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Ann Plast Surg. 2013 Jan;70(1):23-9. doi: 10.1097/SAP.0b013e31826eab9e.

Application of topical negative pressure (vacuum-assisted closure) to split-thickness skin grafts: a structured evidence-based review.

Author information

1
Tissue Engineering and Reparative Dentistry, School of Dentistry, Cardiff University, Heath Park, Cardiff, United Kingdom.

Abstract

INTRODUCTION:

Significant controversy surrounds the effectiveness of negative pressure wound therapy although it has been in use for decades. Although many clinicians favor this modality in relation to its practicality, ease of use especially in complex wounds, it has faced the same challenges as other dressings in relation to evidence base of efficacy in relation to a number of outcome measures. In view of the current financial pressures on health care systems worldwide, this structured review systematically challenges the evidence for perioperative application of topical negative pressure (TNP) to split-thickness skin grafts (STSGs) through evidence-based critical appraisal, and extrapolate the mechanisms of action on the mechanisms through which TNP may aid wound healing. Weighted evidence-based recommendations regarding the impact of TNP on split skin graft quality and quantity of take as outcomes.

METHODS:

Phase 1: Structured literature search. Phase 2: Retrieved articles were critically appraised for rigor and methodological validity by 3 independent authors, then stratified according to a validated "levels of evidence" framework. Graded "current best evidence" recommendations could therefore be proposed.

RESULTS:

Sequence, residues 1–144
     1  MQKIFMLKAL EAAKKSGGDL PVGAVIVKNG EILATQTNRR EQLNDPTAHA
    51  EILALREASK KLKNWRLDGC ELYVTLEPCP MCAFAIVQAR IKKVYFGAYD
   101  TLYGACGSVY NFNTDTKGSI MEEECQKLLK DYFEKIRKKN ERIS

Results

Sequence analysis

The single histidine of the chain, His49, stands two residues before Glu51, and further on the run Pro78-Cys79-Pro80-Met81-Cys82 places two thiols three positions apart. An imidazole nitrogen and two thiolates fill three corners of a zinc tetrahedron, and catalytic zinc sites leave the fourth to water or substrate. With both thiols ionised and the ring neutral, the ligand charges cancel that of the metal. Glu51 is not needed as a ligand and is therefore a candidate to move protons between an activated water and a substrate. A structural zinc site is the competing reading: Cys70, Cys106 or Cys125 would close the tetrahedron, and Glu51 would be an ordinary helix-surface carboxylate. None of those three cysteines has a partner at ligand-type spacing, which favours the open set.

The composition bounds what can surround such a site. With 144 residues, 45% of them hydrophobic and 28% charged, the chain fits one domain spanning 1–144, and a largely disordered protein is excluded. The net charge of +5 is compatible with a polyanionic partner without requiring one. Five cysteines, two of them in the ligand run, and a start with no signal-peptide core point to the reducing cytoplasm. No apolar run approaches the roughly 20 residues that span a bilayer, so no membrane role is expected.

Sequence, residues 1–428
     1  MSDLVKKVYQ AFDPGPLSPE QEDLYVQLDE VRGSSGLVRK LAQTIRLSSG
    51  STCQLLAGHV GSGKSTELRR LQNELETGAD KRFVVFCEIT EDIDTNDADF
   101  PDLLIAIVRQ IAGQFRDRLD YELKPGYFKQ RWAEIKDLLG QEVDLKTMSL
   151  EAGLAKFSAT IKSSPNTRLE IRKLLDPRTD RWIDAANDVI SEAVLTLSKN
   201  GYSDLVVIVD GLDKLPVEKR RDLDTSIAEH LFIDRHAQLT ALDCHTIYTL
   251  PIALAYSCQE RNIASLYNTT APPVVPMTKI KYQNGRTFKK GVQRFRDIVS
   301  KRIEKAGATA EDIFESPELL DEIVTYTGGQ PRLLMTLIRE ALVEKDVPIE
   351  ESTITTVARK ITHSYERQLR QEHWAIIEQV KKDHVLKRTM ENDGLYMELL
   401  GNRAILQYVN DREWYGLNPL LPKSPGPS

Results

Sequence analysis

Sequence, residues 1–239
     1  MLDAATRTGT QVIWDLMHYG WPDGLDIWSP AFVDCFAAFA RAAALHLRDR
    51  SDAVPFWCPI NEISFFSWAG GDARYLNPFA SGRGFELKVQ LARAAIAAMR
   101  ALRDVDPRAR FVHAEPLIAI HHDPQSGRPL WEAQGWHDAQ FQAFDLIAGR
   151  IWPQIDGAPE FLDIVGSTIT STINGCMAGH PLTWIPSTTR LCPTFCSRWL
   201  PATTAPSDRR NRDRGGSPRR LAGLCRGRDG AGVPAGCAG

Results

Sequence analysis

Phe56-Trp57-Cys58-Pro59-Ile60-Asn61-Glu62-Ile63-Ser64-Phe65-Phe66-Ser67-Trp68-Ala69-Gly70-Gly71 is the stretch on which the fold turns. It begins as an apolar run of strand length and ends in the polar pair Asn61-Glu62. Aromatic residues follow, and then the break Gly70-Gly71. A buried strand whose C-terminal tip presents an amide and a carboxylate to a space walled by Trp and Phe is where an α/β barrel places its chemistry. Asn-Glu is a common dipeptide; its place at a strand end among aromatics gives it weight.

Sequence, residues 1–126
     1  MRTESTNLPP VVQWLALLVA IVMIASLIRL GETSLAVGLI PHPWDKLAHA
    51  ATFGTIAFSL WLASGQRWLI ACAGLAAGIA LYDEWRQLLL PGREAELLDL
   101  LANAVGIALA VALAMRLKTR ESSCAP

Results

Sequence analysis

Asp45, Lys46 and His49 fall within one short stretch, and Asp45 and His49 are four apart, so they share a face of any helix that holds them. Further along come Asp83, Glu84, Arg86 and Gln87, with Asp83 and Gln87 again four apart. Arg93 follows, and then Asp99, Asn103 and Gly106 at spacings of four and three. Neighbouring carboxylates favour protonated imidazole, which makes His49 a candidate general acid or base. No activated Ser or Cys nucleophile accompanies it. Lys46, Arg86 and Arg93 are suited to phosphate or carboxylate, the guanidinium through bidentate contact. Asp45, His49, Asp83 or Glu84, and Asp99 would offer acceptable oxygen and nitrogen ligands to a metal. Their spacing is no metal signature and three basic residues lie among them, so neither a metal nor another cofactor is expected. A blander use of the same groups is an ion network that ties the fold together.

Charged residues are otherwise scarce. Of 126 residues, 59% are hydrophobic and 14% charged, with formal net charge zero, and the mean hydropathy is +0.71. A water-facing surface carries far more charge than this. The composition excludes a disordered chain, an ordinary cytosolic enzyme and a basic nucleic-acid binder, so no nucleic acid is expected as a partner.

Of the 220 studies retrieved in the initial search, 38 studies satisfied our quality of evidence criteria. Current best evidence supports 2 complementary trends explaining the mechanisms whereby STSG benefits from TNP. Active stimulation of epithelial mitosis: TNP creates mechanical stretch which stimulates multiple signaling pathways up-regulating growth- and mitosis-associated epithelial transcription factors. Topical negative pressure also promotes microcirculatory flow (graft and wound edge), stimulates angiogenesis and basement membrane integrity (grade C). Prevention of complications: significant reduction of graft lift-off by edema, exudates, subgraft hematoma, and reduction of shear when compared to traditional dressings (grade B). Topical negative pressure promotes significant qualitative improvement in the final STSG result studies (level 1B). The role of TNP in prevention of infection is, however, equivocal and further research is required. No evidence of harm from TNP application was reported.

CONCLUSIONS:

Topical negative pressure increases quantity and quality of split skin graft take compared to traditional bolster dressings. The advantages are increased in irregularly contoured, technically difficult wounds and suboptimal recipient wound beds where it seems to be the best modality currently available. Large-scale randomized clinical controlled trials remain scanty in all areas of wound dressing research including negative pressure therapy.

PMID:
23249474
DOI:
10.1097/SAP.0b013e31826eab9e
[Indexed for MEDLINE]

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